I was looking up the chemical structure of glycine, and I found the following two images: glycineH2N



My question is, what is the "base state", or the "natural state" of glycine? Under what scenarios does glycine become oxidized/reduced?

Also, I know that amino acids contain a carboxyl group, an amino group, a lone hydrogen atom, and a side chain. What is the formula for the amino group? Is it $\ce{-NH_2}$ or $\ce{-NH_3^+}$?

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    $\begingroup$ Both are correct, both are the natural state of glycine and both represent the base state. Amino acids are zwitterions, which switch freely between the two states. Try googling zwitterions. $\endgroup$ Commented Jul 9, 2017 at 22:38
  • $\begingroup$ So, they are just different ways of representing the same thing? Is there a "more correct" diagram? $\endgroup$ Commented Jul 9, 2017 at 22:39
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    $\begingroup$ Correct, both are entirely correct. However at physiological pH (6-8), typically the zwitterform with charges are used. $\endgroup$ Commented Jul 9, 2017 at 22:50
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    $\begingroup$ For the sake of completeness: the second molecule should have a negative charge at the -COO group $\endgroup$
    – Arsak
    Commented Jul 10, 2017 at 5:42
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    $\begingroup$ Please note that these are acid/base reactions and not oxidation/reduction reactions. If glycine is oxided or reduced its not glycine anymore. $\endgroup$
    – Nicolai
    Commented Jul 10, 2017 at 20:45

1 Answer 1


Short Answer: You need to define base state.

Background: The point to keep in mind here is that the base state (as you call it) is not constant. As @jeppenielsen points out in the comments, amino acids are zwitterions. According to Wikipedia:

In chemistry, a zwitterion, formerly called a dipolar ion, is a neutral molecule with both positive and negative electrical charges. (In some cases multiple positive and negative charges may be present.) Zwitterions are sometimes called inner salts. Unlike simple amphoteric compounds that may only form either a cationic or anionic species, a zwitterion simultaneously has both ionic states.

In glycine, the center of positive charge is the -NH2 group while the center of negative charge is the -COOH group. At different pH (acidic, neutral or basic), the structure of the molecule keeps on changing as shown in the image below:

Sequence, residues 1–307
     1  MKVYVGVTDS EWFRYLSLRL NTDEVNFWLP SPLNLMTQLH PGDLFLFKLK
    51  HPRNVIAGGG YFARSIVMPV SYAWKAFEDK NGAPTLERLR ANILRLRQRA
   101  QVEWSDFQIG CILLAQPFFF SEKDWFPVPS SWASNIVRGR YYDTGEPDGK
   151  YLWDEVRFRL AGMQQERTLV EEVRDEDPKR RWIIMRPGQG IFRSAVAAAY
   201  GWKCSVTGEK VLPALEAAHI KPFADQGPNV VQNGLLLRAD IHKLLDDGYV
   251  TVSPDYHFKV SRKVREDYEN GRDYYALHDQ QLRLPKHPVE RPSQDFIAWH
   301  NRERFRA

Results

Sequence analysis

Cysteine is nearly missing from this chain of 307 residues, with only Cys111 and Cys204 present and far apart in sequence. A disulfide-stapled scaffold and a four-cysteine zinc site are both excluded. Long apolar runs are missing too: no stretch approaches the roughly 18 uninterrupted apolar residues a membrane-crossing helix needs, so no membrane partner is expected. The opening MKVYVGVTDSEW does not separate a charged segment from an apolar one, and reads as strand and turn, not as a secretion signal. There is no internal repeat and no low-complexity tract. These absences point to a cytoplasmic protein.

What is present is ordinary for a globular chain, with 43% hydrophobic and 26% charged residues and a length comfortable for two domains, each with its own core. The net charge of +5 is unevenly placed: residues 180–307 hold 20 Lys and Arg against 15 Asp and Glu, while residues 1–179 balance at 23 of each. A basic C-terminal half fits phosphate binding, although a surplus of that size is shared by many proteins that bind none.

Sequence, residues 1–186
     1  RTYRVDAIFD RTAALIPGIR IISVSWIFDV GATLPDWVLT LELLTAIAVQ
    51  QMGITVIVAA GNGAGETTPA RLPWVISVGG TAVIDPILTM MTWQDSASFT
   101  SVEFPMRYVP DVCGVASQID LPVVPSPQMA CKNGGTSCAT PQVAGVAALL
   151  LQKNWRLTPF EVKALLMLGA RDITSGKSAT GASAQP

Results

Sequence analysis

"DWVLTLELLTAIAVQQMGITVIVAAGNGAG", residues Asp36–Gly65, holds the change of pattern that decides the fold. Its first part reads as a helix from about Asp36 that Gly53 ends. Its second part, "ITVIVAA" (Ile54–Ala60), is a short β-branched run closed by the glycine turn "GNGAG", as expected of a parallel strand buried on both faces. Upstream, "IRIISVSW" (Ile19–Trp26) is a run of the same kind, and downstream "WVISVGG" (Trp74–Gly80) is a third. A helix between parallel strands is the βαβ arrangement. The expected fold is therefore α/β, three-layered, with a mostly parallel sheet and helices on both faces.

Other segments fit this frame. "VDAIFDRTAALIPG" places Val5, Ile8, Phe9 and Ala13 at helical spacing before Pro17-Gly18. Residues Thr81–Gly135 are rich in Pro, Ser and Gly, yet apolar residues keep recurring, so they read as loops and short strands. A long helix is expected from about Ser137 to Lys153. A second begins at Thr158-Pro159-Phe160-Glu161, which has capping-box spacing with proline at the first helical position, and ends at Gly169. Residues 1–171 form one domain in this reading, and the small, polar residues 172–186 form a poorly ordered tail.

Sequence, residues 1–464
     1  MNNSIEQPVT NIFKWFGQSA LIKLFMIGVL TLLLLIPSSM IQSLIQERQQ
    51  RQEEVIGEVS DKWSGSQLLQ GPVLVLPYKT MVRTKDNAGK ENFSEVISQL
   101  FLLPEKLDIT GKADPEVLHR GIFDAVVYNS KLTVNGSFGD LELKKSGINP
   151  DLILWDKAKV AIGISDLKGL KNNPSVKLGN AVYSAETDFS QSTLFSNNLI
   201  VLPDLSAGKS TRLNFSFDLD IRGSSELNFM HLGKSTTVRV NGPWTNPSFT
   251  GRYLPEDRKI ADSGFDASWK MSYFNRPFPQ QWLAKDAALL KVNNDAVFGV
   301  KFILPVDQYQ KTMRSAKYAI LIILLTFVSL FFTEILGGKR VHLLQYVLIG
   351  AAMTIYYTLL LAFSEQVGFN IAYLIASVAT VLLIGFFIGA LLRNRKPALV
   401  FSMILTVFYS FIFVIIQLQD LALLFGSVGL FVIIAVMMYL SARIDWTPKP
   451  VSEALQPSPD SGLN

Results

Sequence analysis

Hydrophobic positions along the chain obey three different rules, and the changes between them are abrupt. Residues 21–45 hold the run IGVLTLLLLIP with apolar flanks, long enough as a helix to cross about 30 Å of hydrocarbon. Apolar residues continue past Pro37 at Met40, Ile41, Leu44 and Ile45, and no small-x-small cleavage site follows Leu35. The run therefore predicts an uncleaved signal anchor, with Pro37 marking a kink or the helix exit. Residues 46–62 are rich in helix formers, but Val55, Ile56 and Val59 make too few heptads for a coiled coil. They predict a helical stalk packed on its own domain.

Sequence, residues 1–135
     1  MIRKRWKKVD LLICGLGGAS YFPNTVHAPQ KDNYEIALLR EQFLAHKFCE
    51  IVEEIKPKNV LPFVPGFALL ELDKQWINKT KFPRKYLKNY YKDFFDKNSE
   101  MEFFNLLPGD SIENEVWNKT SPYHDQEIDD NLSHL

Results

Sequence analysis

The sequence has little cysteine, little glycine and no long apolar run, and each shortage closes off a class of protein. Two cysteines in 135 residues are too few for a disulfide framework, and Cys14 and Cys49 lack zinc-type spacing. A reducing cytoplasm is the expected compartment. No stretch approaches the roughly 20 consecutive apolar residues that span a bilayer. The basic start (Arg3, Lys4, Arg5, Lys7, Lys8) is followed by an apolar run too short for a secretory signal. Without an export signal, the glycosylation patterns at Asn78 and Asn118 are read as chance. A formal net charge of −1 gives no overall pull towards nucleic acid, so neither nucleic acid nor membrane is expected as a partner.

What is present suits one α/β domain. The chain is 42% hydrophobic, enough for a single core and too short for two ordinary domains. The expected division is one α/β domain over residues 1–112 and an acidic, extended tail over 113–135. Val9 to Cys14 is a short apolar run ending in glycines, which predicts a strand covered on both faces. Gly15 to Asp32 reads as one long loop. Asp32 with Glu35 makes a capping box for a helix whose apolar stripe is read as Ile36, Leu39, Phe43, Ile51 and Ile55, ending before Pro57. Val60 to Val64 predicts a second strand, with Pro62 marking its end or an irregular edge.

glycine structure at different pHsource

Structure of other amino acids also changes similarly. To know why this change occurs, just keep in mind that (in very simple terms) pH is inversely proportional to the concentration of H+ ions in a solution (higher the pH, lower the concentration of H+). The exact formula is $\ce{pH = - log[H_3O^+]}$ (yes, it means that a pH of 4 is 10 times more acidic than pH 5 and so on). Also, as pH changes, so does the formula for the amino group (see the diagram again).

  • $\begingroup$ Good answer, as always, but this is incorrect: "keep in mind that pH is inversely proportional to the concentration of H+ ions". The bigger the pH the lower the H+ ions concentration, that's correct... However, inversely proportional has another meaning in math: it means that the multiplication of the two variables is a constant. And that is clearly not the case here, do the math and you'll see. Actually, you can have a variable growing while the other one decreases and still they can be directly proportional! $\endgroup$
    – user24284
    Commented Jul 10, 2017 at 5:25
  • $\begingroup$ That was a simplification, thats why I also put the formula with it. But I'll change it if it seems incorrect :) seems better now? $\endgroup$ Commented Jul 10, 2017 at 5:27
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    $\begingroup$ Kind of. Just say that "the higher the pH the lower the H+ concentration". $\endgroup$
    – user24284
    Commented Jul 10, 2017 at 5:49
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    $\begingroup$ or say pH=-log(H+) and do it correctly. ah I see it was added alredy. $\endgroup$ Commented Jul 13, 2017 at 0:44
  • $\begingroup$ @jeppenielsen thanks! There is a post on chemistry.SE (whose link I am unable to find right now) which discusses about why it is better to write $\ce{H_3O^+}$ instead of $\ce{H^+}$ :) $\endgroup$ Commented Jul 13, 2017 at 4:00

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